ICAEW.com works better with JavaScript enabled.

Excel Tips & Tricks

Excel Tips and Tricks #459 – Examples of using LAMBDA() in Excel

Author: Patrick O'Beirne

Published: 01 Nov 2022

Exclusive content
Access to our exclusive resources is for specific groups of students, users, subscribers and members.

Hello all and welcome back to the Excel Tips and Tricks! This week we have a Creator level post in which we’re looking at examples of using LAMBDA() in Excel.

Remove characters

Imagine you have a set of text strings and want to specify which characters should be removed from those strings dynamically:

Excel Tips and Tricks #459 – Examples of using LAMBDA() in Excel image

Liam Bastick’s article from 2020 briefly touches on how to do this with a recursive LAMBDA, but here we’ll explore the ideas in a bit more detail. The purpose of this article is how to place a complex formula inside a LAMBDA name to get an easily usable user-defined function.

The core idea is to convert the string in col. B to an array of characters; for each character, if it is in the string of characters to be removed, change it to a null string, otherwise leave it unchanged; and finally concatenate the array of remaining characters to the result.

To convert a string to an array, use the MID() function with a SEQUENCE() dynamic array function to produce an array of characters.

The function = SEQUENCE(LEN(B20)) returns an array of as many index numbers as characters in B20, in this example 27:


Using MID around this returns an array of characters

=MID( B20, SEQUENCE( LEN( B20)), 1)

We can use the SEARCH function to test for each of these being present in C20: 

=SEARCH( MID( B20, SEQUENCE( LEN( B20)), 1), C20)

The return array elements are either a number (found) or #VALUE! (not found):


We put that formula inside IF and ISERROR (to return either the original character (if error) or null (if not error):

=IF( ISERROR( SEARCH( MID( B20 , SEQUENCE( LEN( B20)), 1) ,C20)), MID( B20, SEQUENCE( LEN( B20)), 1) ,"")

={"Y";"a";"h";"o";"o";"";" ";"O";"n";"l";"y";" ";"";"3";",";" ";"2";"5";"";" ";"o";"f";"f";" ";"";"4";""}

Finally, we concatenate that to the desired result

=CONCAT( IF( ISERROR( SEARCH( MID( B20, SEQUENCE( LEN( B20)), 1), C20)), MID( B20, SEQUENCE( LEN( B20)),1),""))

Which gives us:

Yahoo Only 3, 25 off 4

You will notice the repeated MID() subexpression. We can simplify that by using LET to create a temporary name 'aChar':

=CONCAT( LET( aChar, MID( B20, SEQUENCE( LEN( B20)), 1), IF( ISERROR( SEARCH( aChar, C20)), aChar, "")))

And now we can make this a nice user-defined function by making B20 and C20 parameters of a LAMBDA name 'RemoveCharacters'

Excel Tips and Tricks #459 – Examples of using LAMBDA() in Excel animation

RemoveCharacters =LAMBDA( text, remove, CONCAT( LET( aChar, MID( text, SEQUENCE( LEN( text)), 1), IF( ISERROR( SEARCH( aChar, remove)), aChar, ""))))


Yahoo Only 3, 25 off 4


To use recursion to ‘slugify’ text means to lowercase the text, remove all special characters leaving only numbers and alphabetic characters, and separate words by dashes instead of spaces.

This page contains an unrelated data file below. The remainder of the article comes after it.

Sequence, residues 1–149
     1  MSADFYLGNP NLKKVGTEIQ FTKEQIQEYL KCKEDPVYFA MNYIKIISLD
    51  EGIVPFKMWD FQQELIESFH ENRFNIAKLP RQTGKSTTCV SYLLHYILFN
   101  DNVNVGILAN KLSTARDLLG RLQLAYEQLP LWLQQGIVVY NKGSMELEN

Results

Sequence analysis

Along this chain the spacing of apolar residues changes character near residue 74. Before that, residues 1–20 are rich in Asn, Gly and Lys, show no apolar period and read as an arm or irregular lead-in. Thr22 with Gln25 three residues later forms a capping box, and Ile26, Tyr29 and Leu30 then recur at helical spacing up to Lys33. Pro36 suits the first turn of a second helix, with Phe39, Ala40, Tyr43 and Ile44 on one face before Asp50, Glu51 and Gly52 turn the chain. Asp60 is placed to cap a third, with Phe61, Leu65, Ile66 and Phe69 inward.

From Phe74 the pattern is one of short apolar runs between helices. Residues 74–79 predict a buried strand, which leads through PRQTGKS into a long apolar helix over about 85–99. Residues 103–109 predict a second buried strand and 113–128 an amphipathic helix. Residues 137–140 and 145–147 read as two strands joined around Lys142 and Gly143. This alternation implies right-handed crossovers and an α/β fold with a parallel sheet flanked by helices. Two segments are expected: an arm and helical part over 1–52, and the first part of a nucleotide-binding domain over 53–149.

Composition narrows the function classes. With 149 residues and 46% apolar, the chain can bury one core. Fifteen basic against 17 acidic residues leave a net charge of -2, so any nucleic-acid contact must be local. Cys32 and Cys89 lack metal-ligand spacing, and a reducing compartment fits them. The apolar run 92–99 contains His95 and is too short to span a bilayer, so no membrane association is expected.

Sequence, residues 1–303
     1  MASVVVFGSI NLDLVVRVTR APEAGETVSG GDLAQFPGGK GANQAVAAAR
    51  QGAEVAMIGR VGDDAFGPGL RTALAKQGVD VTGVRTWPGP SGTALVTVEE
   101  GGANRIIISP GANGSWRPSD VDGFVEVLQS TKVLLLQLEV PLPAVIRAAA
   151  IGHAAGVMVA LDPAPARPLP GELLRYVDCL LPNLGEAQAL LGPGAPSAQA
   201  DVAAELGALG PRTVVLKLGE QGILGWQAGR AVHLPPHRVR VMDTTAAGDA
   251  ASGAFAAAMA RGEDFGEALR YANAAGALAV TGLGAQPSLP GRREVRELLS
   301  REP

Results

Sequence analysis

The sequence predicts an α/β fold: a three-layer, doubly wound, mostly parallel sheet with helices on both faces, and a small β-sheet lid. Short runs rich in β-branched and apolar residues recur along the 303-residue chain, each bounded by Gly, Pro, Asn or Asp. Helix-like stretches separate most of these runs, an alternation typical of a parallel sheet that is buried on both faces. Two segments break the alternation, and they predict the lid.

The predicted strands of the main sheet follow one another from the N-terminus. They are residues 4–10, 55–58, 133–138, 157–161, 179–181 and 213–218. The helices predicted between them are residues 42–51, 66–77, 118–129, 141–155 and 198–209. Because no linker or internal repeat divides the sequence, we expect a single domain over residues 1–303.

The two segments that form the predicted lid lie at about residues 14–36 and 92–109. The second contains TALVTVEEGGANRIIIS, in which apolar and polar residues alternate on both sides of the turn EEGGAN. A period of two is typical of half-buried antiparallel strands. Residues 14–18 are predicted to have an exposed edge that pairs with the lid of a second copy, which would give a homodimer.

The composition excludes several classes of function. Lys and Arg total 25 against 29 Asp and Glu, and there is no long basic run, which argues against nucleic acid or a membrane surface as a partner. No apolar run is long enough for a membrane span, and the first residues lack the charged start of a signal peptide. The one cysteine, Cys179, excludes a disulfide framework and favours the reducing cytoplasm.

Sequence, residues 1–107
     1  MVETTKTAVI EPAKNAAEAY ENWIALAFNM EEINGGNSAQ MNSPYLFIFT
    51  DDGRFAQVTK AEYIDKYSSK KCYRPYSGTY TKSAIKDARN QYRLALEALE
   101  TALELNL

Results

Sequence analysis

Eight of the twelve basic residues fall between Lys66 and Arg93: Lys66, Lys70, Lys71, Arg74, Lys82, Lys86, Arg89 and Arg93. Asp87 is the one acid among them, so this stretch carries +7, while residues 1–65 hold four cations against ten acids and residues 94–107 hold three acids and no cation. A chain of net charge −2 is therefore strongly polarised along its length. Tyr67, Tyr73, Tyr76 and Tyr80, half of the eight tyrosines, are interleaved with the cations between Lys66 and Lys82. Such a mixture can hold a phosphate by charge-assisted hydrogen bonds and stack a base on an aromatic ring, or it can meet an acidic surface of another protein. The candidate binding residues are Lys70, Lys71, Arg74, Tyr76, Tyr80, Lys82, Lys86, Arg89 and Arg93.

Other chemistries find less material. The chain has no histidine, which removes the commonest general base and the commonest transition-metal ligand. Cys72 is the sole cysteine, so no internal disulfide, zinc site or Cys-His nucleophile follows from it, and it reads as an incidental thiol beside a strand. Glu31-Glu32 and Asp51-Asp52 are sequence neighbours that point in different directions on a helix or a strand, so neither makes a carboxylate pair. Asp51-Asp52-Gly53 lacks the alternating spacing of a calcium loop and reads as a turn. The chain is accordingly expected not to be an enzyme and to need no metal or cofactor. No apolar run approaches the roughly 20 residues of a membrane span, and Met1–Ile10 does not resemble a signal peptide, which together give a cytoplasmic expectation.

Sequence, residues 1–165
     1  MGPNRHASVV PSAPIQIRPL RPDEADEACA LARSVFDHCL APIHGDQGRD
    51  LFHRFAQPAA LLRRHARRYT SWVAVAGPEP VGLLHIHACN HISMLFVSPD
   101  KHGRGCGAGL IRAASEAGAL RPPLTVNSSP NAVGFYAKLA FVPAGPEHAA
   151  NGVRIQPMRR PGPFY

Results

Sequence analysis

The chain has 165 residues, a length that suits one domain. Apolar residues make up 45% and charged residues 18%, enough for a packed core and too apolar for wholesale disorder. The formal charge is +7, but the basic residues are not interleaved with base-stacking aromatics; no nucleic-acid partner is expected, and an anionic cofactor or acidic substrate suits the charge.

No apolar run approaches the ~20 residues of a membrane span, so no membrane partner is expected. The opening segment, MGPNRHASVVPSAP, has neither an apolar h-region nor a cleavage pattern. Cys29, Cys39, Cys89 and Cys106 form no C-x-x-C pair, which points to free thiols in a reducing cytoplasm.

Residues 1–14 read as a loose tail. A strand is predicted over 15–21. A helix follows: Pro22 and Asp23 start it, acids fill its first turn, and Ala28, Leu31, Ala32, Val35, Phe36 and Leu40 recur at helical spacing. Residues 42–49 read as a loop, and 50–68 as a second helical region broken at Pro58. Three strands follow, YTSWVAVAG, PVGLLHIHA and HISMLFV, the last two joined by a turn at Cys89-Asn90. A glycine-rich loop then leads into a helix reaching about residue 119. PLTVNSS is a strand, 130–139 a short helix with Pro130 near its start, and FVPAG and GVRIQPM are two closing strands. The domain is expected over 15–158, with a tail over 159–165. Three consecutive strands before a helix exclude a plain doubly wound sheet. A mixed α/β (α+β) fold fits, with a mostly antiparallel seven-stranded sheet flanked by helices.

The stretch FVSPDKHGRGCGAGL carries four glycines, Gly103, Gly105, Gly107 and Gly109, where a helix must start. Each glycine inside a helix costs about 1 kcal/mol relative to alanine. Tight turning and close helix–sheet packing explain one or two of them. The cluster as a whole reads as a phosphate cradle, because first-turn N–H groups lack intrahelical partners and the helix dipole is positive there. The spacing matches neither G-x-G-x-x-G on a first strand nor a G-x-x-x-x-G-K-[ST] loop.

This is very common in URLs which cannot handle special characters. For example, "Yahoo! Only £3, 25% off $4?" becomes "yahoo-only-3-25-off-4"

To achieve this there are multiple steps required: convert the text to lowercase; then to an array of characters; convert non-alphanumeric characters to spaces; concatenate the resulting array; reduce multiple spaces to single spaces; and finally change all spaces to dashes.

To test for a character being in the wanted range, we want to accept it if EITHER it is >="0" AND <="9", OR it is >="a" AND <="z"

We cannot use the Excel AND() and OR() functions in a dynamic array formula as they do not accept arrays. But we use Boolean formulas and multiplication/addition to give the effect of AND and OR respectively – something that we covered when looking at the FILTER function in Tip #443.

So, ( ch>="0" ) * ( ch<="9") returns 1 if both are true, otherwise 0, and ( ch>="0" ) + ( ch<="9") returns non-zero (true) if either is true, otherwise 0.

This function will produce the first result:

=CONCAT( LET( ch, MID( LOWER (B20), SEQUENCE( LEN( B20)),1), IF((ch>="0")*(ch<="9")+(ch>="a")*(ch<="z"), ch, " ")))

yahoo  only  3  25  off  4

and we then use TRIM() to reduce multiple spaces to one space, and SUBSTITUTE to change spaces to dashes:

=SUBSTITUTE( TRIM( CONCAT( LET( ch,MID( LOWER( B20), SEQUENCE( LEN( B20)), 1), IF((ch>="0")*(ch<="9")+(ch>="a")*(ch<="z"), ch," ")))), " ", "-")


To make that complex formula available as a simple UDF, convert it to a LAMBDA

Slugify =LAMBDA( text, SUBSTITUTE( TRIM( CONCAT( LET( ch, MID( LOWER( text), SEQUENCE( LEN( text)), 1), IF((ch>="0")*(ch<="9")+(ch>="a")*(ch<="z"), ch," ")))), " ", "-"))



Archive and Knowledge Base

This archive of Excel Community content from the ION platform will allow you to read the content of the articles but the functionality on the pages is limited. The ION search box, tags and navigation buttons on the archived pages will not work. Pages will load more slowly than a live website. You may be able to follow links to other articles but if this does not work, please return to the archive search. You can also search our Knowledge Base for access to all articles, new and archived, organised by topic.